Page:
Mad Rant: Outer SpacePosted: March 13, 2012
Ask me to draw a diagram of a two-loop pressurized-water nuclear reactor and I can probably do it — I love to draw and it’s been a while since I tested myself on basic reactor layout. But understanding the fundamental design of nuclear reactors is simple compared to describing my enthusiasm for outer space.
I’m one of those who want our species to explore the emptiness, populate the solar system, and eventually wander the galaxy. But that’s not the enthusiasm I’m talking about. My adoration of the great beyond is simpler, and yet I can’t find a container in which to put that adoration so as to carry it around and show to others. I’m just geeked that outer space exists at all and that we’re a part of it, composed of its fused particles.
To me, the fascination seems obvious. I’ve tried more than once to put this feeling into words, and have achieved consistent and complete failure. The response is usually a raised eyebrow or something like it. Words fail me, or maybe I fail the words. Regardless, I’m going to take another shot at articulating my glee, or whatever it is. Hang on, let me put on my seatbelt and crash helmet. Right then, off we go.
So space is there, several dozen miles above your head, but so what? Humans have been there and back. No biggie. Space is nothing new. In fact, it’s the least new thing ever. Space has been out there (and here, for that matter) as long as time has existed, and I’m not trying to be hyperbolic or poetic about it. Time and space seemingly arrived on the scene at the same time. Maybe I should shrug and put on some fashionable air of “been there, done that.” But it would go against my very nature.
You may have noticed lately that two stars dominate the western sky shortly after sundown. They’re the planets Jupiter and Venus, the bright objects you saw in the photo at the top of this post. But which is which? Go ahead and guess. You might guess that the brighter one (bottom right) is Jupiter and the dimmer one is Venus.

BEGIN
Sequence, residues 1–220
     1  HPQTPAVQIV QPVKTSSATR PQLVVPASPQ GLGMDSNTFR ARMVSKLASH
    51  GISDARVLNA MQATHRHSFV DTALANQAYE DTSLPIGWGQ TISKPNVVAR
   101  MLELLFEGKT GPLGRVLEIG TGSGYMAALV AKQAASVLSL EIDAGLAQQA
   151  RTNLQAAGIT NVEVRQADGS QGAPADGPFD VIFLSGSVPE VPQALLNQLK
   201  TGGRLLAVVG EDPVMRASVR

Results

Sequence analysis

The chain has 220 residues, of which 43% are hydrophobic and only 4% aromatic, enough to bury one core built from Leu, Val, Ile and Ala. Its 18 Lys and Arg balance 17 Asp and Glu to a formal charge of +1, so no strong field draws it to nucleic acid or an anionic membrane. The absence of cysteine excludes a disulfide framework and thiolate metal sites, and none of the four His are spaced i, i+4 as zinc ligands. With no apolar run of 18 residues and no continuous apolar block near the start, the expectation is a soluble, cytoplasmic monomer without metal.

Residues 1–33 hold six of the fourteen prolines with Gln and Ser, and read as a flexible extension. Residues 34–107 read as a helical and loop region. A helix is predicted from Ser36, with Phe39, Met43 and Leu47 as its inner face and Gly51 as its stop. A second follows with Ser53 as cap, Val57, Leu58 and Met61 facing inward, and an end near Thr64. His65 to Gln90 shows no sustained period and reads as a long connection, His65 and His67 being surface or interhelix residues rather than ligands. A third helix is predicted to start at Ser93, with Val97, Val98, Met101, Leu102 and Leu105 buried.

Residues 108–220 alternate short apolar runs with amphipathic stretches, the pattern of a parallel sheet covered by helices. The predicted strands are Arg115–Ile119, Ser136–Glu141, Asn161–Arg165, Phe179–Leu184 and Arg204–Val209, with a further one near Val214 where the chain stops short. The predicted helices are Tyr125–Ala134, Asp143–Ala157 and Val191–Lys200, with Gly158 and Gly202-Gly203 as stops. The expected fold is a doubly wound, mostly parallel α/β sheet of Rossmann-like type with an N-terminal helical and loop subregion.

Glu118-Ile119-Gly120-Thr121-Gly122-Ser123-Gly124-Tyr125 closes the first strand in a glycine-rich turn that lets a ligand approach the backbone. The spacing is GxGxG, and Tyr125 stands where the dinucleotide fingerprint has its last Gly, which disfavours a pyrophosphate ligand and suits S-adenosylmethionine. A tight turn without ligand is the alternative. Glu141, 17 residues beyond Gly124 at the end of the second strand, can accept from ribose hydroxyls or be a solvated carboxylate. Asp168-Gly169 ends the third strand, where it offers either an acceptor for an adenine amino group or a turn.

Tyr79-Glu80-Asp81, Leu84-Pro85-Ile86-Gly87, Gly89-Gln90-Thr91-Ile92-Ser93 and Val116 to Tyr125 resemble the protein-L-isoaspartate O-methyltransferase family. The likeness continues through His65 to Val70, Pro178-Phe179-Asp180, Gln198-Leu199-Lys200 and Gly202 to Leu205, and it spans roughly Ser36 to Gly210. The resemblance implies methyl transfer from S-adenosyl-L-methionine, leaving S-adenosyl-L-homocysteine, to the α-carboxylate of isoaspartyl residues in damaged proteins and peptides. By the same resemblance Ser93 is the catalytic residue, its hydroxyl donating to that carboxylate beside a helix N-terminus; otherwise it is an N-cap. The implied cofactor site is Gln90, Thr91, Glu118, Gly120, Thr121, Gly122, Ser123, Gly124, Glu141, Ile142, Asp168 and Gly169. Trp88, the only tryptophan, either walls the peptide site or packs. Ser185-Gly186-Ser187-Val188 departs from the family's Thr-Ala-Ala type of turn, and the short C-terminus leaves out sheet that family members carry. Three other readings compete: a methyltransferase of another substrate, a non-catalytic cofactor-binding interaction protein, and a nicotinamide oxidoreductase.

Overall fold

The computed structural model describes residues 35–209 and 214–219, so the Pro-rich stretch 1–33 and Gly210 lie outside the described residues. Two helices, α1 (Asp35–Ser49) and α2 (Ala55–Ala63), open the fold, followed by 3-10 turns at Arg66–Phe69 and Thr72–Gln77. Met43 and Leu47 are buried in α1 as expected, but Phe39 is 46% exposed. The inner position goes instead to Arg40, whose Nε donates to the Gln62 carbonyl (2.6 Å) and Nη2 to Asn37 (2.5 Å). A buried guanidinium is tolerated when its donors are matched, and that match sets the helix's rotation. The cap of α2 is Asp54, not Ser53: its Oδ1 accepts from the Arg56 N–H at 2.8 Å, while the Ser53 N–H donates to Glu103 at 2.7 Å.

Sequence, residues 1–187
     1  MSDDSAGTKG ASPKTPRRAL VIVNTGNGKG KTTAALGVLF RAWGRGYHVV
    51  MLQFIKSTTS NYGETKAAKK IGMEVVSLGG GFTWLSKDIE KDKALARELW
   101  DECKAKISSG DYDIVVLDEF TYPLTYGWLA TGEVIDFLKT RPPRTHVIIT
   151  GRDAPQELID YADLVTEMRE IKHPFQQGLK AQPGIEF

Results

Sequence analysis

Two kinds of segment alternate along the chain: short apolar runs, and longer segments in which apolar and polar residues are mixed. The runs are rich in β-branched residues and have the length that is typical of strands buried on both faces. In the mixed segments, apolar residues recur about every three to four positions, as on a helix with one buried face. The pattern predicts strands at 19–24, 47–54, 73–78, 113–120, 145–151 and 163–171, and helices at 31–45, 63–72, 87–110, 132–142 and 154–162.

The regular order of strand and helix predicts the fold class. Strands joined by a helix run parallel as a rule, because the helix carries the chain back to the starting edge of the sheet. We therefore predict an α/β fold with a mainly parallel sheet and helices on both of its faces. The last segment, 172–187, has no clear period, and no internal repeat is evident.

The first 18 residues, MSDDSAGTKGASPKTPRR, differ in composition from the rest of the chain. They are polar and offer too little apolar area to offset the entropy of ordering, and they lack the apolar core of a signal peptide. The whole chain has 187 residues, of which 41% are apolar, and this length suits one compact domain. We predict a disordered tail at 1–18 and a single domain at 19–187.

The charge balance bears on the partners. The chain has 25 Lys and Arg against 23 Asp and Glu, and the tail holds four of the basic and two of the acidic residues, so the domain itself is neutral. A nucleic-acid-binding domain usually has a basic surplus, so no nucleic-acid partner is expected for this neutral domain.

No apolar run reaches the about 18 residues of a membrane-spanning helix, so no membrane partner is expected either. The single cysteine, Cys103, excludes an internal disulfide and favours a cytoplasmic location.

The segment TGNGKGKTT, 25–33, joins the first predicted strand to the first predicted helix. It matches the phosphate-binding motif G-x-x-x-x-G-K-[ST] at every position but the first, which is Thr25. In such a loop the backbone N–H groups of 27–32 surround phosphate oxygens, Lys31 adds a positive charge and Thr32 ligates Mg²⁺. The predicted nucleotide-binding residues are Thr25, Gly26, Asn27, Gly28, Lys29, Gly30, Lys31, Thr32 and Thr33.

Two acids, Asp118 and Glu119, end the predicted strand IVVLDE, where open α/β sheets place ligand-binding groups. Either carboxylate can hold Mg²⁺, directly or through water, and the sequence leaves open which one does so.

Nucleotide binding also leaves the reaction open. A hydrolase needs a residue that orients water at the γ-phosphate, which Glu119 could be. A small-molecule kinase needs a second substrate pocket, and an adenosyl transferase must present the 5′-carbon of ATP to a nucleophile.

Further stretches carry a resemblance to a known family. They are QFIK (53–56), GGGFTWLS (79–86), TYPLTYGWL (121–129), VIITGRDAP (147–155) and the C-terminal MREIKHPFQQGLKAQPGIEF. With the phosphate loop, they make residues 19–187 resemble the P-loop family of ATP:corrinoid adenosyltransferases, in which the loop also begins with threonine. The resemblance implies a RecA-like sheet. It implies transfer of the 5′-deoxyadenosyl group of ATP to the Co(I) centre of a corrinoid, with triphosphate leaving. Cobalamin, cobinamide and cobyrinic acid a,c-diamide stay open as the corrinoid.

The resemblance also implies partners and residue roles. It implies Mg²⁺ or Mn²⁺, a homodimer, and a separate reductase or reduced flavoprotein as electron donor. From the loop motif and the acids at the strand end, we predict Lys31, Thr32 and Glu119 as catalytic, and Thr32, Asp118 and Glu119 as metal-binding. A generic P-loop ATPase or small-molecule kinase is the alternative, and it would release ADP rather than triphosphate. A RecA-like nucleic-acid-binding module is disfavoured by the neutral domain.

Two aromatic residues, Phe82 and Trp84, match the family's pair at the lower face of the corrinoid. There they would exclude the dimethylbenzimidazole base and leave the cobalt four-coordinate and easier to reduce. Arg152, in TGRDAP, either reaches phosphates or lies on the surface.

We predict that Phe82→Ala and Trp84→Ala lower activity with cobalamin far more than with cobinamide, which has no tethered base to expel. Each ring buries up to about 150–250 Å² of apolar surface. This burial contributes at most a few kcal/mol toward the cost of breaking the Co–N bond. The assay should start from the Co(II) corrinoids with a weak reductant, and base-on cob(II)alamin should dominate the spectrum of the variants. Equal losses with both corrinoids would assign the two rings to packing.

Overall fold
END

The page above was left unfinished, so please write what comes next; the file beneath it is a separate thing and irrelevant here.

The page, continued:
Here, I’ll give you a clue. This is a close-up of the planet in the upper left of the photo:
Notice anything? Those little specks lined up near the planet are the four largest Jovian moons. From top to bottom they are Europa, Io, and Ganymede, with Callisto barely visible below Ganymede. That means this planet, the dimmer of the two, is Jupiter. If you want to double-check my interpretation of the image, see page 38 in the March issue of Astronomy.
Jupiter is more than twice the mass of all the other planets in our solar system combined, but its orbit is also 483 million miles from Earth’s orbit. That’s 18 times farther away from Earth than the orbit of our next-door neighbor, Venus. Hence, Jupiter is the dimmer of the two.
You can look up and see these things and so what? They’re just a couple of planets. What’s the big deal?
Jupiter, Venus and their brethren aren’t just points of blurry light. They’re three-dimensional worlds composed of the same stuff as our own. They’re planets, huge spheres of matter, entire worlds that no Earthling has ever visited. They just float there, out of reach, perpetual mysteries. Some have their own earthquakes, volcanoes, or lakes. Others have wind and storms, while others have no atmosphere whatsoever. The planets in our solar system have been there for billions of years, the only witnesses to the entire history of our solar system.
Even when the sun is up and the sky cloudless, the blue is only a veil, behind which the ultimate dynamo — the universe — continues to crank along as it has for all time. In a way, these worlds (and everything beyond) are reassuring. Being human if often frustrating and scary, but the worlds, the solar system and the universe don’t need anyone to mind the store. We can disappear, and everything will be fine. Our neighboring planets are just there, indifferent and presumably lifeless.
When I look up, I don’t really see the points of light that my eyes see. I see huge islands among emptiness. I see the forever-baking surface of Venus, Jupiter’s 60-plus moons whirring about, the Oort Cloud, the galaxies with solar systems of their own. Outer space is the place of mysteries, with room for the mind to ponder the strangest ideas imaginable.
Oh dear, I’ve failed again. Maybe I need a different medium. Poetry? Song? Modern interpretive dance? Maybe someday.
In the mean time, what do you think about when you look up at the stars? What is outer space, or the universe, to you?